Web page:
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A Bit About Lice
Lice are parasitic insects that are found on people's heads, pubic area, and bodies. They feed on human blood to survive. But lice found in each area of the body are different from each other.
What Are Lice?
Information and the Facts of Lice: Lice (Pediculus humanus) are parasitic insects that are found on people’s heads, pubic area, and bodies. They feed on human blood to survive. But lice found in each area of the body are different from each other. Close person-to-person contact spreads and promotes lice infestations. Dogs, cats, and pets don’t transmit or carry human lice.
Where are head lice most commonly found?
Head lice and head lice nits are found on the scalp, particularly around and behind the ears and near the neckline at the back of the head. Head lice or head lice nits sometimes are found on the eyelashes or eyebrows, but this is uncommon. Head lice hold tightly to hair with hook-like claws at the end of each of their six legs. Head lice nits are cemented firmly to the hair shaft and can be difficult to remove even after the nymphs hatch and empty casings remain.
A. Egg/Nit: Nits are lice eggs laid by the adult female head louse at the base of the hair shaft nearest the scalp. Nits are firmly attached to the hair shaft and are oval-shaped and very small (about the size of a knot in thread) and hard to see. Nits often appear yellow or white although live nits sometimes appear to be the same color as the hair of the infested person.
B. A nymph is an immature louse that hatches from the nit. A nymph looks like an adult head louse but is smaller. A nymph must feed on blood to live. Nymphs mature into adults about 9–12 days after hatching from the nit.
What are the symptoms of head lice infestation?
- Tickling feeling of something moving in the hair.
- Itching, caused by an allergic reaction to the bites of the head louse.
- Irritability and difficulty sleeping; head lice are most active in the dark.
- Sores on the head caused by scratching. These sores can sometimes become infected with bacteria found on the person’s skin.
Who is at risk for getting head lice?
Head lice are found worldwide. In the United States, infestation with head lice is most common among pre-school children attending child care, elementary schoolchildren, and the household members of infested children. An estimated 6 million to 12 million infestations occur each year in the United States among children 3 to 11 years of age. Head lice move by crawling; they cannot hop or fly. Head lice are spread by direct contact with the hair of an infested person. Anyone who comes in head-to-head contact with someone who already has head lice is at highest risk. Spread by contact with clothing (such as hats, scarves, coats) or other personal items (such as combs, brushes, or towels) used by an infested person is uncommon. Personal hygiene or cleanliness in the home or school has nothing to do with getting head lice.
C. Adult head lice are roughly 2–3 mm long. Head lice infest the head and neck and attach their eggs to the base of the hair shaft. Lice move by crawling; they cannot hop or fly. The fully grown and developed adult louse is about the size of a sesame seed, has six legs, and is tan to grayish-white in color. Adult head lice may look darker in persons with dark hair than in persons with light hair. Adult head lice feed on blood to survive. An adult head louse can live about 30 days on a person’s head but will die within one or two days if it falls off a person. Adult female head lice are usually larger than males and can lay about six eggs each day.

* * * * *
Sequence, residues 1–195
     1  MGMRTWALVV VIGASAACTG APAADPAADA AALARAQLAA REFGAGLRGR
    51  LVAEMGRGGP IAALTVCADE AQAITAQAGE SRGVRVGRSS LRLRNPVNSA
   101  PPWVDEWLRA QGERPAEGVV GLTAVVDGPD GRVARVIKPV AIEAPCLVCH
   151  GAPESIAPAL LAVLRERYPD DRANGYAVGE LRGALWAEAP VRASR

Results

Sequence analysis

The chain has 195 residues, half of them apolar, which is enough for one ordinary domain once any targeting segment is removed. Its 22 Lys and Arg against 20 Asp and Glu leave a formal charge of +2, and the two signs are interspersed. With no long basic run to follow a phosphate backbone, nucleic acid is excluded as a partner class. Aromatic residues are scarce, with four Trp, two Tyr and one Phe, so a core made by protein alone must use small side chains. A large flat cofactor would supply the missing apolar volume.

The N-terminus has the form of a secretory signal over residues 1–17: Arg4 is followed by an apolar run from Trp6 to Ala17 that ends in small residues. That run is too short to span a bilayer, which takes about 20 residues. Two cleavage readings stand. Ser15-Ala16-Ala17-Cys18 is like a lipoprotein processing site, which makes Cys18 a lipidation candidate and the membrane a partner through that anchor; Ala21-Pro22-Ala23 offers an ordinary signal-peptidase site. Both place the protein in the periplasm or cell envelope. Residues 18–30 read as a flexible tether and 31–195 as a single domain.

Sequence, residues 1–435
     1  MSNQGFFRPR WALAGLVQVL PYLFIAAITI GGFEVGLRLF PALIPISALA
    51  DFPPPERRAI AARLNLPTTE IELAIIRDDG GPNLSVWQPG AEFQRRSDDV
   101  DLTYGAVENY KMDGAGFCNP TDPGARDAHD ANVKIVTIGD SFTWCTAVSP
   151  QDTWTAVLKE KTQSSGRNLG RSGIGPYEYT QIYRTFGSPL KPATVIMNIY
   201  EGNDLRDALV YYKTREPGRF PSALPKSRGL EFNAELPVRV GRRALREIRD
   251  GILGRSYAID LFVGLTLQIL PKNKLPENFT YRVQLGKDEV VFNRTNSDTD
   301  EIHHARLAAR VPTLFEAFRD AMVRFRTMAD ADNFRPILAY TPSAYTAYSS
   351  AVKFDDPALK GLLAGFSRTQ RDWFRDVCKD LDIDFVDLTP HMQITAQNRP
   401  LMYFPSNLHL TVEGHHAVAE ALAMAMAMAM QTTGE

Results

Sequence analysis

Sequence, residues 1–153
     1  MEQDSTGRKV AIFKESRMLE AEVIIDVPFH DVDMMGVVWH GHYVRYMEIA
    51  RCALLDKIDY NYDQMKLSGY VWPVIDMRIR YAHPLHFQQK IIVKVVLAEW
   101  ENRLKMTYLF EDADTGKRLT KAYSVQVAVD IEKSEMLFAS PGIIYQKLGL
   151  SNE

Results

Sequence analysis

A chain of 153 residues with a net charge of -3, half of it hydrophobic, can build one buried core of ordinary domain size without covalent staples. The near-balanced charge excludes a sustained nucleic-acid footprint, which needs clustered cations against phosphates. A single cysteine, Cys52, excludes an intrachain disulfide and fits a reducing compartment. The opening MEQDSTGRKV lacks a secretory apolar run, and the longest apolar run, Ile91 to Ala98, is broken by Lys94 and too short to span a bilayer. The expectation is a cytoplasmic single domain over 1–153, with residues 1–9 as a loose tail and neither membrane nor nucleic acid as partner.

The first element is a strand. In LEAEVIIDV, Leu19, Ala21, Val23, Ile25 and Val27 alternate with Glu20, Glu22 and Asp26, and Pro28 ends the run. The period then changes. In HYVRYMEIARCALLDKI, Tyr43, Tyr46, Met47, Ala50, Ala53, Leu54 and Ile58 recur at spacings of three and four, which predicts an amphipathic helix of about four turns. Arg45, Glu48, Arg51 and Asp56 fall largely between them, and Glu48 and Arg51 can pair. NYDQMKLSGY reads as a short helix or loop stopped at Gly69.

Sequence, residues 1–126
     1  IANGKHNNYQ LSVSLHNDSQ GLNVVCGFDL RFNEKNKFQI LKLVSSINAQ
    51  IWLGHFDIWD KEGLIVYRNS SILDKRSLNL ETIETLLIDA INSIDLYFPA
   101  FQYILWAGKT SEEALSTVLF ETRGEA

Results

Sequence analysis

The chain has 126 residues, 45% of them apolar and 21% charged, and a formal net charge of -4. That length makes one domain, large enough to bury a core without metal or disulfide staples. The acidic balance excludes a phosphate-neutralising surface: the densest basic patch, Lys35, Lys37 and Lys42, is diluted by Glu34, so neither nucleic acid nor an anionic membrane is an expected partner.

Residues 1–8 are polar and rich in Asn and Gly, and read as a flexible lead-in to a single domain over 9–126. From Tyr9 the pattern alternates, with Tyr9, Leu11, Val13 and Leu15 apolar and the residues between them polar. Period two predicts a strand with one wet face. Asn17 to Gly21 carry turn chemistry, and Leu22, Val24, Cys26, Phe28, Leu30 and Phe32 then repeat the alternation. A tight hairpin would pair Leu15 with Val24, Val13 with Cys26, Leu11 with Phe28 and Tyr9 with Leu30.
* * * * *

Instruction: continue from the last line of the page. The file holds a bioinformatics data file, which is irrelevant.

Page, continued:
How is head lice infestation diagnosed?
A diagnosis of a head lice infestation is made when a live nymph or adult louse is present on the scalp or hair of a person. Because nymphs and adult lice are tiny, move quickly, and avoid light, they can be difficult to find. Use of a magnifying lens and a fine-toothed comb may be helpful to find live lice. If crawling lice are not seen, finding nits firmly attached within a ¼ inch of the base of the hair shafts strongly suggests, but does not confirm, that a person is infested and should get treatment. Nits that are attached more than ¼ inch from the base of the hair shaft are almost always dead or already hatched. Nits are often confused with other things found in the hair such as dandruff, hair spray droplets, and dirt particles. If no live nymphs or adult lice are seen, and the only nits found are more than ¼-inch from the scalp, the infestation is probably old and no longer active and does not need to be treated.
Facts of Lice – Cliff Notes
- A head lice infestation has nothing to do with cleanliness.
- The best course of action is to have head lice professionally removed, and have your home and vehicle professionally cleaned. Read more.
- Head lice are spread through close human-to-human contact. Make sure you get your entire household checked for lice.
- Follow-up on all treatments and make sure you complete every step of the process.
- The facts of lice are that they can infest any home at any time, but treatment is easy if done by a professional the first time.